King Bee, and by extension Nivola, looks to make television that is driven by directors. Series, he notes, have always been writer-led, as it’s difficult for a director to make every episode of the type of open-ended series still being commissioned by US networks. With miniseries and limited series, which are now becoming more prominent stateside, single directors are able to work across every episode and ensure continuity of visual style.

The series opens in Beijing in 1989 amid mass protests

“That can allow for a more cinematic style to be imposed on the TV format,” he says. “That’s been our big goal with the company, and I feel the same way as an actor. I made a decision about six years ago that that was my main priority with choosing jobs – just following directors. It’s really changed my career. For a while, I was taking small roles just to work with directors. Even those more supporting performances got more attention than some of the stuff I’d done before, just because I was working with the top guys.”

In that time, Nivola has worked with directors including David O Russell (American Hustle), Sally Potter (Ginger & Rosa), Nicholas Winding Refn (Drive), Barry Levinson (The Wizard of Lies), JC Chandor (A Most Violent Year) and Ava DuVernay (Selma).

“I realised at this late date that movies and television really belong to directors, and I’ve relinquished any kind of control over it as an actor and just given myself over to directors in a way I hadn’t as a young actor,” he continues. “That’s why this changing format is so good for television, because it’s attracting [Boardwalk Empire’s Martin] Scorsese or whoever to be directing television.”

On Chimerica, Nivola worked alongside director Michael Keillor, whose credits include Critical, Line of Duty and Strike: The Cuckoo’s Calling.

“Some of the people I’ve worked with early on may have been bright and good guys but just lacked something really particular or eccentric about them that made their style and vision original. Michael really has that,” the actor says. “He’s not like anybody else, and I felt that from the first time I met him. All of his inspiration for the show [came from the] kinds of movies that I have loved in the political thriller canon, so I totally put my trust in him.”

Nivola (right) alongside Nicolas Cage in John Woo’s Face/Off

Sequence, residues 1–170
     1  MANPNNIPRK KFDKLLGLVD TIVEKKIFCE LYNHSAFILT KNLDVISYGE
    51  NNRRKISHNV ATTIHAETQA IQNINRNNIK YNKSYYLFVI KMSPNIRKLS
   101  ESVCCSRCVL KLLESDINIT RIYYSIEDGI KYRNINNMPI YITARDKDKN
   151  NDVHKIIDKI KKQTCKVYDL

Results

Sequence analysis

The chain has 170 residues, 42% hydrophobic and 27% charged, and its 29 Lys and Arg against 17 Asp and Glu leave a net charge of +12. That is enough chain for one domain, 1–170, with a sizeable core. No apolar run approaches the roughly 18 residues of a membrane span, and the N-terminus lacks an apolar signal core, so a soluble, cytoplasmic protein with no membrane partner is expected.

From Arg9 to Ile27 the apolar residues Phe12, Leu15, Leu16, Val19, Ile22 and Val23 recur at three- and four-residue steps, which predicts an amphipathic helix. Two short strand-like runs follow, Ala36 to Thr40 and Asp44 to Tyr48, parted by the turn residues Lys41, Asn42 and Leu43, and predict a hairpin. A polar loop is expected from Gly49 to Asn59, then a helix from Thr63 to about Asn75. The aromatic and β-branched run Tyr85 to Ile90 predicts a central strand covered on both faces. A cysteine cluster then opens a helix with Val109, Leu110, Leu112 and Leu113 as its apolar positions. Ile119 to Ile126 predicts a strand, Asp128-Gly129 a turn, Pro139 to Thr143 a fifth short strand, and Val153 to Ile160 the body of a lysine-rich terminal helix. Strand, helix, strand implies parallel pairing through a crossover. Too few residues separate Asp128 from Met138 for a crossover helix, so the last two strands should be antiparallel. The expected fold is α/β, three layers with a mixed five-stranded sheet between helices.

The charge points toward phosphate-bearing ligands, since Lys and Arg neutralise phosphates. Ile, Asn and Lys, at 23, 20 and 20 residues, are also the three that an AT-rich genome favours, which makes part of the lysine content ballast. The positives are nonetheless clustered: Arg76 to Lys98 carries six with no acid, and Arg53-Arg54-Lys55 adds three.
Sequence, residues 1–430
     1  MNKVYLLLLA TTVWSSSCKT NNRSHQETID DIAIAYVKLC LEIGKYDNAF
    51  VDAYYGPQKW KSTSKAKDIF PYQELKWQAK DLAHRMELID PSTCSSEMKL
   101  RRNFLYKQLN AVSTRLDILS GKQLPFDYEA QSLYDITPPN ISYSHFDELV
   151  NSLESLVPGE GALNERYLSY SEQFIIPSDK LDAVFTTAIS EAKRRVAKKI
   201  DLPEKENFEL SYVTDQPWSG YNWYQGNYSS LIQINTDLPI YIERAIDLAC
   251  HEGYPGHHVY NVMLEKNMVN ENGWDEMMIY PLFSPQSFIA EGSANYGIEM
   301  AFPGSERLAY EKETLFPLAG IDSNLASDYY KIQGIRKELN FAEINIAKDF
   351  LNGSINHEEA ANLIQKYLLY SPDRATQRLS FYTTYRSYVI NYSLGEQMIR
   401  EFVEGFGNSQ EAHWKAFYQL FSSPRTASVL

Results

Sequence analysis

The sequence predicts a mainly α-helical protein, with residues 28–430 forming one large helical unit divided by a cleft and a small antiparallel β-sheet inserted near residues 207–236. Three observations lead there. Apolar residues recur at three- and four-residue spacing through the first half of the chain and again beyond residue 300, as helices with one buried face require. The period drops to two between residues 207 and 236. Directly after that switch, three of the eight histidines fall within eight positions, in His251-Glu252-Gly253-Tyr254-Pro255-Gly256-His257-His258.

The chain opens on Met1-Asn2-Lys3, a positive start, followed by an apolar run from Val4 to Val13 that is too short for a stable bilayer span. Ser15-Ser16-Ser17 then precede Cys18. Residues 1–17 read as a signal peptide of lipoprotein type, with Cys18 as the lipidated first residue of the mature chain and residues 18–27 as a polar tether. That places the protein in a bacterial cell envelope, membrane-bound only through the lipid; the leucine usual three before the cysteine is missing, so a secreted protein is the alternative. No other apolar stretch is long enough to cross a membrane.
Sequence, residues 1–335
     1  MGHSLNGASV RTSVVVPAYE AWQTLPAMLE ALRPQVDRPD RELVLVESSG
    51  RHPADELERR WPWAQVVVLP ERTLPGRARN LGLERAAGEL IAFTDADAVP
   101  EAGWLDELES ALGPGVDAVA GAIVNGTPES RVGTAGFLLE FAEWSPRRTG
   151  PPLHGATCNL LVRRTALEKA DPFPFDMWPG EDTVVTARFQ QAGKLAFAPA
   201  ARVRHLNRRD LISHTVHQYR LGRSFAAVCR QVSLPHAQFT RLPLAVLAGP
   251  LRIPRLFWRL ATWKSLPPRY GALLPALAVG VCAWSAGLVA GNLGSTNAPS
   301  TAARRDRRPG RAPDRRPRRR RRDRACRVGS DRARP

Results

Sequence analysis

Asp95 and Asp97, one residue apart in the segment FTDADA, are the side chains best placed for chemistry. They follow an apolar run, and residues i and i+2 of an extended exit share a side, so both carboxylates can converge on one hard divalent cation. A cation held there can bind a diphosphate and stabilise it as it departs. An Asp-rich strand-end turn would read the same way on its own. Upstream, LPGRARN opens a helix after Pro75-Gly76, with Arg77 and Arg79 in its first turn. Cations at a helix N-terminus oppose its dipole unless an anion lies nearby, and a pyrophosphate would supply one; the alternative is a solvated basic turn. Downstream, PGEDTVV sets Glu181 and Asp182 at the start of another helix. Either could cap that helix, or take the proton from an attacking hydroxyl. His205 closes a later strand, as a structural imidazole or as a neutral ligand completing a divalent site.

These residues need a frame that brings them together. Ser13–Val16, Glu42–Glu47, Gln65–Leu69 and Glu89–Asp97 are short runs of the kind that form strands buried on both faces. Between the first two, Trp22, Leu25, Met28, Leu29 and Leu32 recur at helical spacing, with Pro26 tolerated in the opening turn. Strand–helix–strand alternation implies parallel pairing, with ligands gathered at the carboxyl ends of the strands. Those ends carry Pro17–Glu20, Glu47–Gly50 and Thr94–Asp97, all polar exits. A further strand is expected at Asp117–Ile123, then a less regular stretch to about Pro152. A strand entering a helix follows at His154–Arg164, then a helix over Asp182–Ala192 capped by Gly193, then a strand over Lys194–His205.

Shooting took place in the UK, which doubled for New York, and Bulgaria’s Sofia, which stood in for China. Nivola was joined on set by a cast including F Murray Abraham, who plays Frank Sams, and Cherry Jones as Mel Kincaid – both longtime friends of Nivola, having appeared on Broadway at the same time he was acting in his first play.

The scripts called for Nivola, as Lee, to be run over by a car and thrown to the ground in a pile of rubble when a bomb explodes in a Syrian market. “Those were fun,” he jokes, praising the Bulgarian stunt team who were willing to put themselves on the line to get the shots required.

But while the series begins with a bang, it grows increasingly taut across its four episodes, with tension and mystery building to the final instalment. “The idea is that he’s brought so low by this whole event, and all of his closest relationships he slowly destroys,” the actor says of Berger. “He’s left a solitary figure by the end but is also redeemed in some way by the experience. There is a great final twist in the story that will have a profound effect on him.”

Away from producing duties, Nivola was free to focus on his character and performance to help Keillor tell the story the way he wanted. And now that he’s crossed the boundary between television and film, he says he wants to continue hunting down those opportunities to work with the best of the best behind the camera, no matter how big the role and regardless of the format the project takes.

“More and more, the best actors are working in both media and I certainly think there are great opportunities in both television and films,” he concludes. “Now there’s all these movies being made for Netflix, so the lines are completely blurred. For me, it’s all about directors.”

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Playing politics

DQ meets the main players in four-part Channel 4 drama Chimerica, based on the hit play but updated to include the uncertain global politics of the Donald Trump era.

Lucy Kirkwood’s award-winning 2013 play Chimerica examined the shifting balance of power between East and West through the personal struggles of an American photojournalist.

The title is a portmanteau of the world’s two superpowers, and given the unstable feel of current geopolitics, it seems there’s no better time for a revival. Kirkwood has expanded and updated her work to create a four-part TV drama for Channel 4, produced by Playground Entertainment and distributed globally by All3Media International.

Crucially, the writer has moved the action forward to the 2016 US presidential election to reflect what’s happened since Donald Trump became a major player in global politics.

“Lucy has brought an emotional story to a relevant political aspect,” explains producer Adrian Sturges. “Moving the action from 2012 to 2016 naturally felt like the right thing to do because, in the meantime, Trump was elected and all the accusations of fake news and attacks on journalists have come more to the fore. It was felt to be a useful thing to grapple with in the overall piece.”

Star Alessandro Nivola and writer Lucy Kirkwood on the Chimerica set